Glasnost, nyet... neyacnost, da!

If your school has small classrooms, you can't have so many of those offensive large classes. Test-score-wise, the preceptorial-sized classrooms didn't achieve better student learning, but no matter; since then all class sizes have shrunk, over the decades, until today when the then-special small-class size is now the national average.

State requirements for square foot/pupil and minimum classroom size haven't changed-Vermont for decades has had a minimum classroom size of 750 sq. ft., even as actual average class size has shrunk to below a dozen from the previous norm of 25-and, as you might reasonably expect, states which have shrunk classes while not shrinking classrooms (or lobby/corridor areas) are now posting higher total SF/P numbers. Most aren't, which explains why this year's SP&M new school size numbers by region are little changed from long-standing past norms: elementary, 125 SF/P; middle, 142; high, 156.

When I was first putting pencil to paper in school design in the late 1950s, the averages were 120, 140, and 160. But not now in Vermont, which shares the fairly unique New England predilection for more expansive (and expensive) buildings, with new construction for each of the three grade-groups showing averages of 155, 164, and 195 respectively. To the question, "How I can check the figures for my local schools?", the short answer is: You can't anymore.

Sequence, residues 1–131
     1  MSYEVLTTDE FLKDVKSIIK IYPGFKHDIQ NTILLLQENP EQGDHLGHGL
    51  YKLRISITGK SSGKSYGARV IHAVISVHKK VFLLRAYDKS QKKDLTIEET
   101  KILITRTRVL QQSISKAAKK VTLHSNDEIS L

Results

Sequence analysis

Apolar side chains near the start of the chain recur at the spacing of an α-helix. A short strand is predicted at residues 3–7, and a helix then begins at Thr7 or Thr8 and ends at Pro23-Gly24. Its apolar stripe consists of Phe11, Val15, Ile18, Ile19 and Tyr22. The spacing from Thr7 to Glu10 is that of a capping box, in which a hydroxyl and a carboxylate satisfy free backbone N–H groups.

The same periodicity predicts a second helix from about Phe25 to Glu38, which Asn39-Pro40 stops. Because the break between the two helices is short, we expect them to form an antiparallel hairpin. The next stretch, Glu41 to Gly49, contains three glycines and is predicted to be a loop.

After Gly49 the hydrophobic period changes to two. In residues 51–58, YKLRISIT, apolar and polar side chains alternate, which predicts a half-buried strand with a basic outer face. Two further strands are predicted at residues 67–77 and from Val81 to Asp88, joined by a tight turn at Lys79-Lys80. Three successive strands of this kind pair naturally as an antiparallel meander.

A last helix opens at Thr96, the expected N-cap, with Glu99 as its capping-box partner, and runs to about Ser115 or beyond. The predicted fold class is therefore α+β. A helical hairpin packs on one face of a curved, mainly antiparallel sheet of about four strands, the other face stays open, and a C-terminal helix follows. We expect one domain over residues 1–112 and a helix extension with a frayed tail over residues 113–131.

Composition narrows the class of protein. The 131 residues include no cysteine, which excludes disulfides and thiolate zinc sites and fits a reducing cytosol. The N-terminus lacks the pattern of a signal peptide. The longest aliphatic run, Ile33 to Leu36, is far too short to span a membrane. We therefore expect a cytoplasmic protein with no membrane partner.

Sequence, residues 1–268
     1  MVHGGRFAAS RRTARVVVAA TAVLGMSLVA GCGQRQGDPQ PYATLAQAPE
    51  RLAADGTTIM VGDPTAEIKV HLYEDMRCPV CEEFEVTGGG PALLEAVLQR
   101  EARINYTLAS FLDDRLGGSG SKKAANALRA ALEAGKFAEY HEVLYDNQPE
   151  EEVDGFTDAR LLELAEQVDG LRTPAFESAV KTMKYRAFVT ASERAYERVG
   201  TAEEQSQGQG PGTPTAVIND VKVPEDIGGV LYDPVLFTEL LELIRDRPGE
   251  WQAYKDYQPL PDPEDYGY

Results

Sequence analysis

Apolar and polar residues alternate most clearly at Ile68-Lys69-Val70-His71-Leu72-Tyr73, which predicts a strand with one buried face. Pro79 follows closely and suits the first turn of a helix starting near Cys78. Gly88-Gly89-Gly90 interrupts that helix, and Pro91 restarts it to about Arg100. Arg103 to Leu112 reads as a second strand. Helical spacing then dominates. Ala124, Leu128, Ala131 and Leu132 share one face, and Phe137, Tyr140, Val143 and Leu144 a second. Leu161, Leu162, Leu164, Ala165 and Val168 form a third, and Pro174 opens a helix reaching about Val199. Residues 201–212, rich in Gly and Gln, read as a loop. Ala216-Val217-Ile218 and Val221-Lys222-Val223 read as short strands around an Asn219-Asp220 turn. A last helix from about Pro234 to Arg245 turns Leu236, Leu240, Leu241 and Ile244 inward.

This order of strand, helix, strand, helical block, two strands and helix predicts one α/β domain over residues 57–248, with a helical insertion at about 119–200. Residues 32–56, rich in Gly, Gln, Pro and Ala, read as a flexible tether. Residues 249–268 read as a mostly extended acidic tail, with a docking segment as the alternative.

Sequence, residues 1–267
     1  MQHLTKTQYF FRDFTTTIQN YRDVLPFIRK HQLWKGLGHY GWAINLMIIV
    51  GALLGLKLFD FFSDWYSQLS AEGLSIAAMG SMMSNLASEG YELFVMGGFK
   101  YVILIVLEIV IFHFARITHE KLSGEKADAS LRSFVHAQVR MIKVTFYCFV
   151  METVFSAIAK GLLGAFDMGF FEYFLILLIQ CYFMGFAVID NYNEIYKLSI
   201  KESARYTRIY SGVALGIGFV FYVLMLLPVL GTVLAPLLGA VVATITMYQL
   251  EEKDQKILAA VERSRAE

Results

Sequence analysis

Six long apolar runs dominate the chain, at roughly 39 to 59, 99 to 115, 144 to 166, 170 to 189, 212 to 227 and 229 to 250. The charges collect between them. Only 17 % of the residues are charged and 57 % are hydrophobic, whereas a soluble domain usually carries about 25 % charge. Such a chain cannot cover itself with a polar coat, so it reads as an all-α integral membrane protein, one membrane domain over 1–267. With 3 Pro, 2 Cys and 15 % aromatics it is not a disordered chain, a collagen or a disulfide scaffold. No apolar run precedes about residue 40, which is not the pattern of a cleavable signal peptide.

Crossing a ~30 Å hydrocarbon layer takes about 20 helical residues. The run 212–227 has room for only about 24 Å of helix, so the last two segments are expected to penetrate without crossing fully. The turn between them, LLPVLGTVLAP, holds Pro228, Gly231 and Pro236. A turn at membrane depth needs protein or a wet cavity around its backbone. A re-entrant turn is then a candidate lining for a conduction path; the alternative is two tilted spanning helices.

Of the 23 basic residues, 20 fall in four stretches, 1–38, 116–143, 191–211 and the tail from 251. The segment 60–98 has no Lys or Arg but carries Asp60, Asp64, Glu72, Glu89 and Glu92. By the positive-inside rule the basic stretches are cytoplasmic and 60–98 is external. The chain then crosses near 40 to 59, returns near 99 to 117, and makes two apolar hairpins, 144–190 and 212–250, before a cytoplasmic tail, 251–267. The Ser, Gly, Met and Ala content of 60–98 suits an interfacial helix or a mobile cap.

The longer answer is that official state ed department and local district or SU data for individual schools showing actual square footage and official building capacity rating are no longer considered publicly-available information. They were, once: anyone could call the Superintendent's office, or the SED, to get such numbers, which were maintained there in a (somewhat) famous three-ring binder- a data page for each schoolhouse building in the state, and well-known locally as well.

All that past transparency ended in the mid-90's, when at a hearing on school costs in Montpelier when I referred to it, the then-SED legal counsel said, "Don't call us for such data. The Legislature has deprived us of funds to maintain the notebook any longer."

Vote on this Story by clicking on the Icon


Use the comment form below to begin a discussion about this content.

Sign in to comment